Expiring Controlled Substance Prescription Fill/Pick-Up Question

In our latest question and answer, the pharmacist discusses controlled substance expiration dates and when they can be picked up.


If you order a prescription of a controlled substance on the last day before it expires, can you pick it up the next day or do you need to pick it up on the expiration date?

Asked by Sandy On Sep 20, 2021

Answered by
Medical Content Reviewed By HelloPharmacist Staff

On Sep 21, 2021

Key points

  • Most pharmacies will bill and process your prescription in their system before actually filling it. It is not processed and billed when you come to pick it up (this has already been done for several reasons).
  • As long as your controlled substance prescription is processed and filled before the expiration date, you could technically pick it up after it has expired. It is the fill date, not the pick-up date that is important.
  • Pharmacies generally hold prescriptions for 10 days after filling. After this time period, and your prescription is 'returned to stock', it would not be able to be filled as the expiration date has passed.

Hi Sandy and thank you for your question!

I can certainly answer this and be fairly confident that the vast majority of pharmacies operate the way I describe, but there may be some places that operate a little bit differently. I just want to make this caveat.

You don't specify what expiration date for a controlled substance prescription you are referring to.

You could mean the expiration date of a controlled substance prescription that is being filled for the first time or you could be referring to the expiration date of the refills on your controlled substance prescription.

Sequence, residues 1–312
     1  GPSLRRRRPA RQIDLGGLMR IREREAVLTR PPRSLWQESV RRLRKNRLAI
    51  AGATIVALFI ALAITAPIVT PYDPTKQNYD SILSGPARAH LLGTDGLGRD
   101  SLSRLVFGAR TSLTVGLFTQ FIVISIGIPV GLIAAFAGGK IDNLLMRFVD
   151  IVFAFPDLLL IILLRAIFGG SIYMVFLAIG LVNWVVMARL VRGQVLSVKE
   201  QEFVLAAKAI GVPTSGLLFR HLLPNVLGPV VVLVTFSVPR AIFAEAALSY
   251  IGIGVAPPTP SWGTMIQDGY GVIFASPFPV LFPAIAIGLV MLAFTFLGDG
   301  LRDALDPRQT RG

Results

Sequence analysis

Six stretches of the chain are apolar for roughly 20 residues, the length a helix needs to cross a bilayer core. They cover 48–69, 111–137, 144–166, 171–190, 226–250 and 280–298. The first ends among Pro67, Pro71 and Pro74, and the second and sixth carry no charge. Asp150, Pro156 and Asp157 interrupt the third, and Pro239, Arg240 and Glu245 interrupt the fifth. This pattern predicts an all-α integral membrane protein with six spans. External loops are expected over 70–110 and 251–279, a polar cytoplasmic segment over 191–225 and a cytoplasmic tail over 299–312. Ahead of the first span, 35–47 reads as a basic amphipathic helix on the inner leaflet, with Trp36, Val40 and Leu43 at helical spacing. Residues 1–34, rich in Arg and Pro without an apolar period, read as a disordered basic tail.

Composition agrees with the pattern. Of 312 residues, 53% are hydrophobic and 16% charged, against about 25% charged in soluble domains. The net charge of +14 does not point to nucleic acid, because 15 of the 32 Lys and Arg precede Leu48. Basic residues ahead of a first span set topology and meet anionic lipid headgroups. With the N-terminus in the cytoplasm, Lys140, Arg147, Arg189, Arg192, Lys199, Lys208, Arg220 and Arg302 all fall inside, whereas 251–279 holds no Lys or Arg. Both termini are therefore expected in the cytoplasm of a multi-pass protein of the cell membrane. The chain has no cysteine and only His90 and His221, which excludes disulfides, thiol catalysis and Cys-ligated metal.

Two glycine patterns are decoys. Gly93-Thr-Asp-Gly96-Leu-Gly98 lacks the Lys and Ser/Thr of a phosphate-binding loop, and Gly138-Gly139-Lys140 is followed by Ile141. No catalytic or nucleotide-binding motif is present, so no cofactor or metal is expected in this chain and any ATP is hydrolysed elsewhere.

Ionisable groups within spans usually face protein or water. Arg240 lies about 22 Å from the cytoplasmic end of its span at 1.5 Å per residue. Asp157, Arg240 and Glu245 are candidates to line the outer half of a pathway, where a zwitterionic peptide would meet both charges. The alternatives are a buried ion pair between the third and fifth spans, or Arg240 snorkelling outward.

Either way, the answer I discuss below is the same.

First, we need a little background on how prescription billing works in regard to pharmacy filling operations.

When Do Pharmacies Bill Your Insurance?

Essentially all outpatient pharmacies in the United States (e.g. Walgreens, CVS, Rite Aid, etc...), as far as I am aware, will submit your prescription to your insurance company before it is physically filled, and well before you actually pick it up (or get it mailed to you). This is an important point.

In general, the first step of the prescription filling process is a data entry step, where the information on the prescription (e.g. patient, drug, directions, quantity, refills, etc...) is entered into the computer system.

Once all the information is in the pharmacy system, it is then billed to your insurance (or submitted as a cash claim).

This is done for a few reasons:

  • To ensure the pharmacy receives a paid 'claim' prior to filling, or ordering expensive drugs
  • To ensure the drug doesn't need prior authorization from the insurance company
  • To ensure the cost of the prescription to the patient is known
  • To ensure no other requirements are necessary prior to filling the prescription (many drugs have extra requirements, such as isotretinoin, or REMS drugs)
  • To allow the drug to go through a 'third-party' drug utilization review (since the insurer has your past drug claims and could potentially find clinical problems with your prescription).

You can imagine how much of a hassle it would be if your prescription were billed to your insurance right when you came to pick it up and there was a problem with it (e.g. it wasn't covered or needed a prior authorization).

This would mean wasted time for you, expecting to receive a prescription that you can't afford or don't want to pay for, and the pharmacy, for filling a drug you won't end up getting.